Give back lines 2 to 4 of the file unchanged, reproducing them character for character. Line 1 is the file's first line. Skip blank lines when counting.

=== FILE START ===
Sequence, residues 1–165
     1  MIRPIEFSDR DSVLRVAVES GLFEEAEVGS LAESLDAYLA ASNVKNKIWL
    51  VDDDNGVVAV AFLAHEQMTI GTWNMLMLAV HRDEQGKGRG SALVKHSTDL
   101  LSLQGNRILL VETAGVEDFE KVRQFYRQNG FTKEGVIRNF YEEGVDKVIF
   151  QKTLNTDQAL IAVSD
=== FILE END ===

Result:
     1  MIRPIEFSDR DSVLRVAVES GLFEEAEVGS LAESLDAYLA ASNVKNKIWL
    51  VDDDNGVVAV AFLAHEQMTI GTWNMLMLAV HRDEQGKGRG SALVKHSTDL
   101  LSLQGNRILL VETAGVEDFE KVRQFYRQNG FTKEGVIRNF YEEGVDKVIF